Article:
The Advance-Titan

A Violin’s Life inspires UWO

“The UW Oshkosh music department presented a guest concert, A Violin’s Life, in the Arts and Communications Center Music Hall on March 13 to celebrate classical music.

A Violin’s Life featured works and composers associated with the Lipinski Stradivarius, a type of violin, and other music connected with the overall history of the instrument in commemoration of the violin’s 300th birthday.

Frank Almond was the guest violinist at the show ,playing the Lipinski Stradivarius. Almond holds two degrees from Juilliard along with being first chair in the Milwaukee Symphony Orchestra.

According to Almond, the Lipinski Stradivarius had been stolen a year ago in an armed robbery after a concert, but was recovered nine days later.

The concert included music by Johann Sebastian Bach, Giuseppe Tartini, Maurice Ravel and Robert Schumann, played by both Almond and Eli Kalman, an Oshkosh piano professor.

“Ravel and Schumann are all-time favorites of mine,” Kalman said. “With a great partner such as Mr. Almond, they became very, very special.”

Many attendees had not heard the Lipinski Stradivarius played before, and were intrigued.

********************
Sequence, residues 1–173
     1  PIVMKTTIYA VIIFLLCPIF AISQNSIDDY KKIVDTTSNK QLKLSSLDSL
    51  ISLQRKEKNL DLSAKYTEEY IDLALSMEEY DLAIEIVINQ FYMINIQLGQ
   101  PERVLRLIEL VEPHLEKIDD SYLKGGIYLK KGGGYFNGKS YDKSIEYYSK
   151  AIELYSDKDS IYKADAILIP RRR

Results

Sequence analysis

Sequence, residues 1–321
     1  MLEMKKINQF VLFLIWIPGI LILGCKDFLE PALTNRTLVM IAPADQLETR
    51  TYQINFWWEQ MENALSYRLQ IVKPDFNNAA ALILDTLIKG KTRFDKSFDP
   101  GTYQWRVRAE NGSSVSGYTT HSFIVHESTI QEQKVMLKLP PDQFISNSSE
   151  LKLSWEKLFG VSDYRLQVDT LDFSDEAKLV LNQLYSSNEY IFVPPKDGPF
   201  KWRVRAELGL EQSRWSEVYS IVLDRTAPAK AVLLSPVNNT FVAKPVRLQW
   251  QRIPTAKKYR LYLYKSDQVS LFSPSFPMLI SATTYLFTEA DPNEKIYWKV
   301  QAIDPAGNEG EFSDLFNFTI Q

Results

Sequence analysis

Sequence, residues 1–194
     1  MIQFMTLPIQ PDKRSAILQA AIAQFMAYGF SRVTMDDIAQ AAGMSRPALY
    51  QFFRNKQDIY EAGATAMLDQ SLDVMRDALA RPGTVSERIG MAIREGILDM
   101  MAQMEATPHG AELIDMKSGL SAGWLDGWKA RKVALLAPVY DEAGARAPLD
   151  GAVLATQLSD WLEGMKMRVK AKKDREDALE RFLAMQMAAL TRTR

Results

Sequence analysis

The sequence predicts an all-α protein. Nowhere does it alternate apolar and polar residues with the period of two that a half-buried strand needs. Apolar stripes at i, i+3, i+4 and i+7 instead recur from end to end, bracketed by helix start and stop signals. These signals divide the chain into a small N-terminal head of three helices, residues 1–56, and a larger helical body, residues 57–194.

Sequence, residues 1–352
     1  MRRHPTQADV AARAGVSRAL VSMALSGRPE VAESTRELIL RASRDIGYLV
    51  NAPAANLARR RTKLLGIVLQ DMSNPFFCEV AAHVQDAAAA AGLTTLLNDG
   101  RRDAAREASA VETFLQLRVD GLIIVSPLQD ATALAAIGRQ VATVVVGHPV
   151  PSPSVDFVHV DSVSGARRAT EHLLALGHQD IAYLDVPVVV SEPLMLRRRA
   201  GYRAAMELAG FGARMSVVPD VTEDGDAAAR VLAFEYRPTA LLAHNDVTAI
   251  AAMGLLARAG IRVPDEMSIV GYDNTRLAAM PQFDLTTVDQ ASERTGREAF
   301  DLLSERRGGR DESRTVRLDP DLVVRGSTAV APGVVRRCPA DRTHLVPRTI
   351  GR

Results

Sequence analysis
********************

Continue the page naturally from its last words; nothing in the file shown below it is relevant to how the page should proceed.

“The concert was amazing,” Oshkosh student Sophie Willer said. “I have never seen a solo performance of the calibre before. It was interesting to hear how beautiful a 300-year-old violin sounds.”

Oshkosh student Erin Liston said classical music is important because it is the first music to be organized and written down. She was also impressed with the precision of Almond.

“It was beautiful and I don’t know how Frank Almond plays without frets,” Liston said. “Violins are hard to play since they’re fretless, so you have to figure out where to put your hand, unlike guitars, which have frets. The piano music was beautiful and the concert was very lovely.”

Willer said she doesn’t normally enjoy classical music, but she was interested in hearing new and unique music.”

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Independent Student Newspaper of the University of Wisconsin Oshkosh
A Violin’s Life inspires UWO